Good moderate-use chain saw for $200?

thefuzApril 3, 2006

Hello all,

Looking for a chainsaw that's good for moderate use (tree maintenance and possibly downing a few small trees) and am wondering what I should look for in the range of around $200.

The local Costco has a 40cc (or is it 44cc), 18 inch Pousan for $160, and home depot has a slightly larger one for $199. Both of these seem packed with all sorts of buzz words like anti-vibration, self lubricating, breaking, etc. Is this a model I should consider or should I be looking for something else.

I've never owned a chain saw, nor do I have a great deal of experience with them. Any advice is much appreciated.

- Mike

PS - Checked around on the forums and haven't seen anything specific to the Pousans on sale today. Not stuck on Pousan by any means though - just want something reliable that's easy to use (and I don't want to go electric).

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deerslayer(Z5 NE IL KBG)

In my opinion, the best chain saws are made by Stihl and Husqvarna. I prefer the Husqvarna chain saws. You can buy a model 340 over the internet for $236 including shipping with no sales tax for CT. Another option would be to buy it from a local dealer if you prefer a dealer relationship.

Here's a link:

Husqvarna 340

This saw is a bit over your budget but it is a step up in quality compared to the Poulan saws you've looked at. I'm sure you would like it.

-Deerslayer

    Bookmark   April 3, 2006 at 3:50AM
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canguy(British Columbia)

I agree with Deerslayer. A few dollars more now will save a lot of grief later, particularily when you need parts and service. This is not Poulan's strong suit. Given your lack of experience with saws, I strongly suggest you purchase from a knowledgeable dealer. He will get you set up with the right saw for your needs along with safety equipment and operating tips. I sell saws and spend as much time as possible with the first time buyers. I don't want to read about them in the Monday paper.

    Bookmark   April 3, 2006 at 4:20AM
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masiman(z7 VA)

+1 on the above comments. Try searching this forum for chainsaw. The topic has been covered a few times.

You will find that people also like the Echo line too. Additionally, dealer support should play a good part in your decision. For these type of tools it is very nice to have a shop that can actually repair and maintain your saw for the long haul. You'll be glad you purchased the saw from them when you need something. Plus it does feel good to support a local merchant. The big box stores probably get enough of your money as it is.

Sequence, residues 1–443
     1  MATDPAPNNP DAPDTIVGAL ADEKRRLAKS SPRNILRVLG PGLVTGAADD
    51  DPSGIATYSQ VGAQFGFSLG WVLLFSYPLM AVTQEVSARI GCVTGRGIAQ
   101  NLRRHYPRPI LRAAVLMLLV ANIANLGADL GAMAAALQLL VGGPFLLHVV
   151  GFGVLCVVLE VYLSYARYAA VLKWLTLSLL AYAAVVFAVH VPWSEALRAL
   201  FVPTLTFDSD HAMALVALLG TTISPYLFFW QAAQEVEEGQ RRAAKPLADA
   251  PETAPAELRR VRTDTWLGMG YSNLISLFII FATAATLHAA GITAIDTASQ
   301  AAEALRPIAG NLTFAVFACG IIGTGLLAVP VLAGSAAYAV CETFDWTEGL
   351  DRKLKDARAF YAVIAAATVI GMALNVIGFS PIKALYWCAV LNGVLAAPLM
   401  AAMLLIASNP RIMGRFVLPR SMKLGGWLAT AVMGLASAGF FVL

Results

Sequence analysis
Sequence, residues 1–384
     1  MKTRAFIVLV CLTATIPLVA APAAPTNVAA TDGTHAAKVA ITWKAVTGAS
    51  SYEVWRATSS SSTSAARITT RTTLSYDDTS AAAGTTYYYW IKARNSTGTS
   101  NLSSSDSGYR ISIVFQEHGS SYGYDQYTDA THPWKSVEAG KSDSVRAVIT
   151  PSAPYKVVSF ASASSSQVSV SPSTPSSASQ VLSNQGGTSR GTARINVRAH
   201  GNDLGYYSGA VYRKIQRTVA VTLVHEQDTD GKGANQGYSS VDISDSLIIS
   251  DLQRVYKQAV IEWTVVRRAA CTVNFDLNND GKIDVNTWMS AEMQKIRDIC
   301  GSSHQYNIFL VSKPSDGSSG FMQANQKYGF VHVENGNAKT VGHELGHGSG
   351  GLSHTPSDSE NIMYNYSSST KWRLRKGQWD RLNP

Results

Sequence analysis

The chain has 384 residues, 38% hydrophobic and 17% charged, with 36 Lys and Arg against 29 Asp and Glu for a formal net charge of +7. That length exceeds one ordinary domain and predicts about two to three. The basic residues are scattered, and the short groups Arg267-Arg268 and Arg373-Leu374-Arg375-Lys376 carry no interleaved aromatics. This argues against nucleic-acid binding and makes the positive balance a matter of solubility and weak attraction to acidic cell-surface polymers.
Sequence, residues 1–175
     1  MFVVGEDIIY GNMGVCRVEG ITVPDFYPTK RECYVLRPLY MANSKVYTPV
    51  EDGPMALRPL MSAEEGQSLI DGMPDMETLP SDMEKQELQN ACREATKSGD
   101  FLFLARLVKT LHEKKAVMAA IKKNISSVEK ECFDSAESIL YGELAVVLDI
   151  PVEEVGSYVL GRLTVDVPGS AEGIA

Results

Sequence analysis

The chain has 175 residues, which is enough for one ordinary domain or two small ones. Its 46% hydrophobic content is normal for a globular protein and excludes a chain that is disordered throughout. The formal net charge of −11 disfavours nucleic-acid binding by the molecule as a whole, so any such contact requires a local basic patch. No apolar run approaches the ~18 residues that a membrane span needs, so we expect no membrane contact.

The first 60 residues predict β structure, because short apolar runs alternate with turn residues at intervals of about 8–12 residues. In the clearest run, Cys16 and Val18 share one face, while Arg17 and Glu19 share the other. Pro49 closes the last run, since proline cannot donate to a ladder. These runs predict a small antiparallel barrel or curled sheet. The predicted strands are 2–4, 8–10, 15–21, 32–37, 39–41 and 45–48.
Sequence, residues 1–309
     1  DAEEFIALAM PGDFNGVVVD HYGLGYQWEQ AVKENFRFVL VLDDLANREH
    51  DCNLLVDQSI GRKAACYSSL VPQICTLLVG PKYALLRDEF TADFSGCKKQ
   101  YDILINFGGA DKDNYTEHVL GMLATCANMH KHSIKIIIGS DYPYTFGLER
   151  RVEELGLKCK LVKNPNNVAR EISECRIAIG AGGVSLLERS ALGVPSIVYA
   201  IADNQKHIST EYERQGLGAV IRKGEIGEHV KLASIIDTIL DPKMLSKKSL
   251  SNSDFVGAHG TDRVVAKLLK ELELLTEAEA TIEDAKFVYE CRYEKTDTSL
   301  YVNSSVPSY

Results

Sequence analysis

I have not heard good things about newer Poulan's. Some have said their older models could be good (20+ years old?). In any case, you are almost gauranteed to not find good support for them.

I like my Stihl. Husky, Echo and Stihl will have a model(s) that will fit your needs. You won't regret the purchase when it works all the time.

    Bookmark   April 3, 2006 at 9:56AM
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montesa_vr(Minnesota)

I agree witht he above posters that Husky and Stihl are the names to start with if you want best price\quality ratio in a medium sized saw, i.e.. Husqvarna's 350 and Stihl's MS250. However, Echo has a better quality reputation on the smaller saws.

For your intended use I would take a hard look at the Echo CS-305 Chainsaw. Speedway has it for $199, although you would be better off to buy it from a local full service dealer.

A small saw will cut anything, if slowly. However, a too-heavy saw will be dangerous and unpleasant to use. My hat is off to guys who can cut firewood all day with a Stihl 290. I'm too wimpy for that.

Here is a link that might be useful: Echo at Speedway

    Bookmark   April 3, 2006 at 1:27PM
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thefuz

Thanks much for the advice thus far, all.